This study examined the cortex activation of an "N100m" event in adults and children who did and did not have absolute pitch. Although I may disagree with their interpretation of what's going on in the right hemisphere (they think it's a "circuit" for calculating and labeling pitch "height"), the interesting fact seems to be that absolute adult listeners showed right-side activation even when they weren't actively paying attention, and non-absolute children (age 7-12) showed right-side activation in the labeling task where the adults did not. The authors suspect that this is due to the children being able to "link their attention to the neuronal circuit for labeling." Although I'm not sure it's a circuit for labeling, "Finding the Special Note" would seem to support the kids' capacity to make absolute sense judgments of pitch (as opposed to "height area" judgments).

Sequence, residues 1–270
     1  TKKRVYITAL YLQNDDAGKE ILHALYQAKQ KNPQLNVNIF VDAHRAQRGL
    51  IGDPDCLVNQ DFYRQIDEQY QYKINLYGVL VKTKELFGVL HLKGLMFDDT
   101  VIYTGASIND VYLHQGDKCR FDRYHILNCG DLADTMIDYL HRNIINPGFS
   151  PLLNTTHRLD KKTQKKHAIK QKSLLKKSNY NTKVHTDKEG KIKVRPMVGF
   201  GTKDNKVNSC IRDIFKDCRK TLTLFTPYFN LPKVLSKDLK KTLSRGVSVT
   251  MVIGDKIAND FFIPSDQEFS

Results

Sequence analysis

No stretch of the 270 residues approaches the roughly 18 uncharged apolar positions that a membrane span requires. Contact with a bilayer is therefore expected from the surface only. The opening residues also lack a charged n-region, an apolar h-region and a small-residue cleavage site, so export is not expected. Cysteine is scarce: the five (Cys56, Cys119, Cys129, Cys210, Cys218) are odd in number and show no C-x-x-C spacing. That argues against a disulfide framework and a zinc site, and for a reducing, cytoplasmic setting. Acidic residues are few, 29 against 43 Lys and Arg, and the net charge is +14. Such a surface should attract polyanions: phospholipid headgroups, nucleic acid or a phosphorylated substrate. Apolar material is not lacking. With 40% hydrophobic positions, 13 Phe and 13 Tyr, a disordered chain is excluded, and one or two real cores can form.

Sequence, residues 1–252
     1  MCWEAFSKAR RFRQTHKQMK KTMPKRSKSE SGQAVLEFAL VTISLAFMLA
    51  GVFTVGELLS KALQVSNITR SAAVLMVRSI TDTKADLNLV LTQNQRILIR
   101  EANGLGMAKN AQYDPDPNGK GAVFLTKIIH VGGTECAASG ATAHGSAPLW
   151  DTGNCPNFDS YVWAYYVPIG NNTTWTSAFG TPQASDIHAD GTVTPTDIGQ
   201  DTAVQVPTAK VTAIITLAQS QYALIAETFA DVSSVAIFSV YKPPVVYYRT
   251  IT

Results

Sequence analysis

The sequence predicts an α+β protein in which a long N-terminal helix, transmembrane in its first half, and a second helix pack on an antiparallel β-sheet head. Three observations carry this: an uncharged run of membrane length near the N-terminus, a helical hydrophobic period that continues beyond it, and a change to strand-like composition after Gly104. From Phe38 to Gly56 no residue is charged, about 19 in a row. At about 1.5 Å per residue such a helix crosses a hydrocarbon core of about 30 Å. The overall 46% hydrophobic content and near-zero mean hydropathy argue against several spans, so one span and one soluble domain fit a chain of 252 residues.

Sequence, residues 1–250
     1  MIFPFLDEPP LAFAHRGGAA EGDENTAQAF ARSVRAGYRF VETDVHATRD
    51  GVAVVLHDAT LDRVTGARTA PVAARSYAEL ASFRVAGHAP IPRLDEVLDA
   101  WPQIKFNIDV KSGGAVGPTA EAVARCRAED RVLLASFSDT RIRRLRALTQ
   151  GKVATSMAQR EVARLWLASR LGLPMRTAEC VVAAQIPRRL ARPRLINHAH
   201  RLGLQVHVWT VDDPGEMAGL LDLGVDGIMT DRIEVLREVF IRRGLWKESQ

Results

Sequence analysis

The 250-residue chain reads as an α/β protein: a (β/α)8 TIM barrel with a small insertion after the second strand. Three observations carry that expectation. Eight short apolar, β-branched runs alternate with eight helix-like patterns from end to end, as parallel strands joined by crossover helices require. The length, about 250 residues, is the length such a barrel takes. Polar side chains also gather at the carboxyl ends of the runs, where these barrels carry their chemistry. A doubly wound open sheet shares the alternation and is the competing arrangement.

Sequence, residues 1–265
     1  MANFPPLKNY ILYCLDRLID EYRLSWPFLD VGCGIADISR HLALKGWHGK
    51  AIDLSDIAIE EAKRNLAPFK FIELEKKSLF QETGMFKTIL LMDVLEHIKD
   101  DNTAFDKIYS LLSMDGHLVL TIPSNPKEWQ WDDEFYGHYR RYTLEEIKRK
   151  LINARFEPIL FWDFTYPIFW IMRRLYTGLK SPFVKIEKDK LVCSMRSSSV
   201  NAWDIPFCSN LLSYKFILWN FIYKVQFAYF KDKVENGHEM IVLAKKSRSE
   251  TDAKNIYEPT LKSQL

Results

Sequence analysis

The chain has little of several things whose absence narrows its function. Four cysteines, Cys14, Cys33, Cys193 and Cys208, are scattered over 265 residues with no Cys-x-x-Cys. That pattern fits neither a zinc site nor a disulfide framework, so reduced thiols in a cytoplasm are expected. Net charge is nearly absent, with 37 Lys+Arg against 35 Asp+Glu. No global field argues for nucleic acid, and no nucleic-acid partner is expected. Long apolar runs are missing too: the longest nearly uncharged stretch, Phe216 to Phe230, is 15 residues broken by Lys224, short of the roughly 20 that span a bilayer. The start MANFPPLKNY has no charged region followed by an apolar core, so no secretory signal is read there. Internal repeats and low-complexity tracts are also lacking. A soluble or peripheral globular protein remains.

Itoh, K., Suwazono, S., Arao, H., Miyazaki, K., and Nakada, T. (2005). Electrophysiological correlates of absolute pitch and relative pitch. Cerebral Cortex, 15(6), 760-9.
This is a brain-scan study in which the subjects were asked either to listen or to name tones. The authors identified specific neural structures which, for the absolute listeners, were consistently activated for both tasks. I'm not sure if I appreciate the author's conclusions about their observations-- they treat "relative pitch" as though it were a single strategy, and they also assume that left-brain activity in the absolute listener's mind must represent pitch labeling-- but the raw data does illustrate specific areas used for absolute-pitch listening and naming tasks.
Krishnan, A., Xu, Y., Gandour, J., & Cariani, P. (2005). Encoding of pitch in the human brainstem is sensitive to language experience. Cognitive Brain Research, 25, 161-168.
The authors show, in this brain-scan study, that tone-language speakers (in this case, Mandarin Chinese) do not merely extract the acoustic properties of pitch, but analyze the sound by linguistic context.